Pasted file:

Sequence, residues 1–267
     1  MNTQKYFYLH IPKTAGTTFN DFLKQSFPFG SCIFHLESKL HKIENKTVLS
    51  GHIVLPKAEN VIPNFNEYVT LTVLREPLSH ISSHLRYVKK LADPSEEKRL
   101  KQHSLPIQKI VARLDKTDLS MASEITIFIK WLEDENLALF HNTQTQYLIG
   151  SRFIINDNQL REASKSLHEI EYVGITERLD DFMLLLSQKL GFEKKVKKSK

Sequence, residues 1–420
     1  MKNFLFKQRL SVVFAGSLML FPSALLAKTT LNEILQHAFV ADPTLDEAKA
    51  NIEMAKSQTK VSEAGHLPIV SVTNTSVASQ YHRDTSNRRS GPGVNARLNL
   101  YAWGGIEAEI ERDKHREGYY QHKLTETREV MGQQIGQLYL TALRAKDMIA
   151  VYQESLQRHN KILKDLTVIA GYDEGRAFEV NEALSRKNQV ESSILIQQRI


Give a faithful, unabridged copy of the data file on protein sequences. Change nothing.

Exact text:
Sequence, residues 1–267
     1  MNTQKYFYLH IPKTAGTTFN DFLKQSFPFG SCIFHLESKL HKIENKTVLS
    51  GHIVLPKAEN VIPNFNEYVT LTVLREPLSH ISSHLRYVKK LADPSEEKRL
   101  KQHSLPIQKI VARLDKTDLS MASEITIFIK WLEDENLALF HNTQTQYLIG
   151  SRFIINDNQL REASKSLHEI EYVGITERLD DFMLLLSQKL GFEKKVKKSK

Sequence, residues 1–420
     1  MKNFLFKQRL SVVFAGSLML FPSALLAKTT LNEILQHAFV ADPTLDEAKA
    51  NIEMAKSQTK VSEAGHLPIV SVTNTSVASQ YHRDTSNRRS GPGVNARLNL
   101  YAWGGIEAEI ERDKHREGYY QHKLTETREV MGQQIGQLYL TALRAKDMIA
   151  VYQESLQRHN KILKDLTVIA GYDEGRAFEV NEALSRKNQV ESSILIQQRI